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On the Radar: Melatonin Gummy Misuse, Noplace, and ‘Performative Friendships’

Parents Depend on Melatonin Gummies; Kids Can Become Reliant on Them.

What? Research published in JAMA Pediatrics found that one in five school-age children had taken melatonin supplements in the past 30 days. Of those children, one in four had taken melatonin every night.

So What? Thanks to momfluencers, many parents have begun to rely on the supplements—which sometimes contain up to 347% of the melatonin stated—for nighttime routines. Although the substance isn’t addictive, experts say when misused, melatonin produces a “sedative effect” (as opposed to the “sunset effect” of proper dosing) that can make parents and children psychologically dependent.

Now What? Research on the long-term effects of melatonin in children is still lacking. So consult your pediatrician for proper dosing before giving your child any supplement. And keep melatonin out of reach of children. Calls to poison-control centers for pediatric melatonin ingestions climbed 530% from 2012 to 2021 due to the candy-like gummies and colorful packaging.

New Social Media App Noplace Is No. 1 on App Store

What? Noplace a new social media app that TechCrunch called a “mashup of Twitter and Myspace for Gen Z,” is currently the No. 1 Social Networking app on Apple’s App Store. (Noplace is not yet available for Android users.)

So What? The app has no algorithms or ads. Posts don’t support pictures or videos (as of yet), just text. So families looking to take a break from traditional social media feeds—and potentially addictive scrolling patterns—may find some reprieve in noplace.

Now What? That said, parents should also be aware thatthere are no parental controls or private profiles. Users can rate their “top ten” friends, which could lead to bullying. Users can also choose to share posts with just their friends or with the “global feed.” And while that feed is moderated for users under 18—and the company is committed to creating a safe online experience—that still leaves room for folks to abuse the platform. So while noplace steers away from some of the more problematic features of social media, that doesn’t mean it’s completely safe.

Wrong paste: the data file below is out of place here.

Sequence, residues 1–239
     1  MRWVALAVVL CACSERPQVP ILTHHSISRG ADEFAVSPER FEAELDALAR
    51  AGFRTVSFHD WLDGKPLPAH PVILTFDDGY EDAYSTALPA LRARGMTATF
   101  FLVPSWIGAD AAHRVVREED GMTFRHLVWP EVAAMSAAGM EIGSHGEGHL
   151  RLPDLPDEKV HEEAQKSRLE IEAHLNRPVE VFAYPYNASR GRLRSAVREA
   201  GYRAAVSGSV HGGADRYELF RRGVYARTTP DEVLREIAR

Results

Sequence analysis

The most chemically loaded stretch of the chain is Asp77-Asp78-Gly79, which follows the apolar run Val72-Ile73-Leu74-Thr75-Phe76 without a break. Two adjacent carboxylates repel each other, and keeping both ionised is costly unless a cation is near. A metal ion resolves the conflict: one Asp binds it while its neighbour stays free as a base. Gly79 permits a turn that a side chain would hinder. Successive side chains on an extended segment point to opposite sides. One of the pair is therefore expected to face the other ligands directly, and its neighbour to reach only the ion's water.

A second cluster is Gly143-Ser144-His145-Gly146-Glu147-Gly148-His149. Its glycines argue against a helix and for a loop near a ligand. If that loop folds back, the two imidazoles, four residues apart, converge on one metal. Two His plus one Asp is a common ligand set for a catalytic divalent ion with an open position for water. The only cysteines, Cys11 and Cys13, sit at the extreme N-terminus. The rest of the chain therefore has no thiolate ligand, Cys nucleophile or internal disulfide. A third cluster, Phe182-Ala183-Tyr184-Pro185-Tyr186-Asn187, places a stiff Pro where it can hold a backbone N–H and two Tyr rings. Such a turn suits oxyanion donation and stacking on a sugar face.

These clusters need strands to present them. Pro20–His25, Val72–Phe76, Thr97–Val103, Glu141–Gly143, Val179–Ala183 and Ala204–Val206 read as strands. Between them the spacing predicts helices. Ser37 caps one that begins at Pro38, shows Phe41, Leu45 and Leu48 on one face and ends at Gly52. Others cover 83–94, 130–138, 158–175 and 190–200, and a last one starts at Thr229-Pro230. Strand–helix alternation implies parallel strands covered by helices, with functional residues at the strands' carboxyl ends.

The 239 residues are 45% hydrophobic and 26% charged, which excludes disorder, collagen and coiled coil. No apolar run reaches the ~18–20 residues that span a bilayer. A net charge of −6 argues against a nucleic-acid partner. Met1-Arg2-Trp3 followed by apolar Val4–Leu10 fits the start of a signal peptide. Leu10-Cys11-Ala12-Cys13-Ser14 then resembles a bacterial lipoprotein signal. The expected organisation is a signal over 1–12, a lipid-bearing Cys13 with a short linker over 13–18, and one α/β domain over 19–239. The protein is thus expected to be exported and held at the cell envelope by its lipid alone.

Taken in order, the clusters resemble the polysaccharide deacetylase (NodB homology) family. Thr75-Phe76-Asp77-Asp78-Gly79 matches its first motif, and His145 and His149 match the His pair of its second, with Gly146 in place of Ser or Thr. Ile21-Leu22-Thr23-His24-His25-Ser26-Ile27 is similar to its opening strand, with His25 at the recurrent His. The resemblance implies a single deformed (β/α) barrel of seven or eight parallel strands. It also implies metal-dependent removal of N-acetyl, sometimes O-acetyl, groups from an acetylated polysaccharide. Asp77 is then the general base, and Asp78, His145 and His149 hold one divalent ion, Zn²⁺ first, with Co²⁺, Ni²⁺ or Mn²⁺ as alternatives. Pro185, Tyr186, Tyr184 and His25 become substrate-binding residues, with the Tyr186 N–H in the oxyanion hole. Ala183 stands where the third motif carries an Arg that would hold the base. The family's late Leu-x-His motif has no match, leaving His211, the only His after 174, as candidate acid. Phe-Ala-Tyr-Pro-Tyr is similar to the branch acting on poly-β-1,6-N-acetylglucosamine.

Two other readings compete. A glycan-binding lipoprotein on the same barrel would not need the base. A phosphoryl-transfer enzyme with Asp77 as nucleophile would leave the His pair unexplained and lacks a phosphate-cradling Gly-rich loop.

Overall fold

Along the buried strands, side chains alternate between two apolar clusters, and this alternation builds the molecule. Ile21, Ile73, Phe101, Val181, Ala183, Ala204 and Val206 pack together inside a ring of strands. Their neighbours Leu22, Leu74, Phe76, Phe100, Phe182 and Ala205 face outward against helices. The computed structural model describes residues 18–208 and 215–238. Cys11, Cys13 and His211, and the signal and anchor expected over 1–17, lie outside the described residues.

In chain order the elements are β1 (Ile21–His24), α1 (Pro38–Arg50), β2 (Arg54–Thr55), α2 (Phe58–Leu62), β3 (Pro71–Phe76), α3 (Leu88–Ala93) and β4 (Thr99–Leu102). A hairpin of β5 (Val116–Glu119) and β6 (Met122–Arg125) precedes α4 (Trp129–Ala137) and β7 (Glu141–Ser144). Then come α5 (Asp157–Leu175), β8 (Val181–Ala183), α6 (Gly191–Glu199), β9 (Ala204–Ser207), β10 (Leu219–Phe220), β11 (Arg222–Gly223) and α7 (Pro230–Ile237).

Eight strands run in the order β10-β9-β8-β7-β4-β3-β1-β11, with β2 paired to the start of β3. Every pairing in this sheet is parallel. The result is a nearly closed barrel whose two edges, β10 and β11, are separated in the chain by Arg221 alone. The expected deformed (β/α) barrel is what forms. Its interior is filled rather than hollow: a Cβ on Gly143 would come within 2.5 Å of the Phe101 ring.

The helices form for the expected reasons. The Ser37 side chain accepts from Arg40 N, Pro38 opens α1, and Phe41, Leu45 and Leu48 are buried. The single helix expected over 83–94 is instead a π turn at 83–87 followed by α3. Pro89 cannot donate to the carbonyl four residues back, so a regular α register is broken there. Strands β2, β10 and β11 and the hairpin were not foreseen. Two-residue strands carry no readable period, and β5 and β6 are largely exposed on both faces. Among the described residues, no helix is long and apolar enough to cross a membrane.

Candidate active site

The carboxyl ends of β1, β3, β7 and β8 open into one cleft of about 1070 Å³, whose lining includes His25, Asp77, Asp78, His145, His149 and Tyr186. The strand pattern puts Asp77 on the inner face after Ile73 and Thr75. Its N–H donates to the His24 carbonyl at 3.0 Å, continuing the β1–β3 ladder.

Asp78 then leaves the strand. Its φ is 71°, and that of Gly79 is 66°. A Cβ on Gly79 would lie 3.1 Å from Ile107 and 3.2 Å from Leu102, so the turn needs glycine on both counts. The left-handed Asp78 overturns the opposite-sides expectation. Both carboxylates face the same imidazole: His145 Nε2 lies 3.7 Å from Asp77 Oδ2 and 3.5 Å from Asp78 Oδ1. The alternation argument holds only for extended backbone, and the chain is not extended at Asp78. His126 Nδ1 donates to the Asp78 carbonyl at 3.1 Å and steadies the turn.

How to Protect Your Kids from ‘Performative Friendships’

What? A “performative friendship” is where people “are encouraged to post … aspirational images of friendships,” says psychologist Dr. Alison McClymont. And this “pressure” to perform as a friend may lead to burnout.

So What? McClymont says performative friendships are often born out of jealousy toward another friendship or the fear of being seen as a bad friend. And she warns that those in these types of relationships may overextend themselves mentally, time-wise and even financially (in the form of gift-buying).

Now What? If you’ve heard your teen say, “Well, if I don’t do this, people won’t think I’m a good friend,” then they’re probably in a performative friendship. And McClymont’s advice is to “log off and put down the phone.” Feeling the need to document friendships on social media may cause your teen to have more shallow connections with their friends. Instead, encourage your kids to “step away from the social media screen and just live your life.”

Emily Tsiao

Emily studied film and writing when she was in college. And when she isn’t being way too competitive while playing board games, she enjoys food, sleep, and geeking out with her husband indulging in their “nerdoms,” which is the collective fan cultures of everything they love, such as Star Wars, Star Trek, Stargate and Lord of the Rings.

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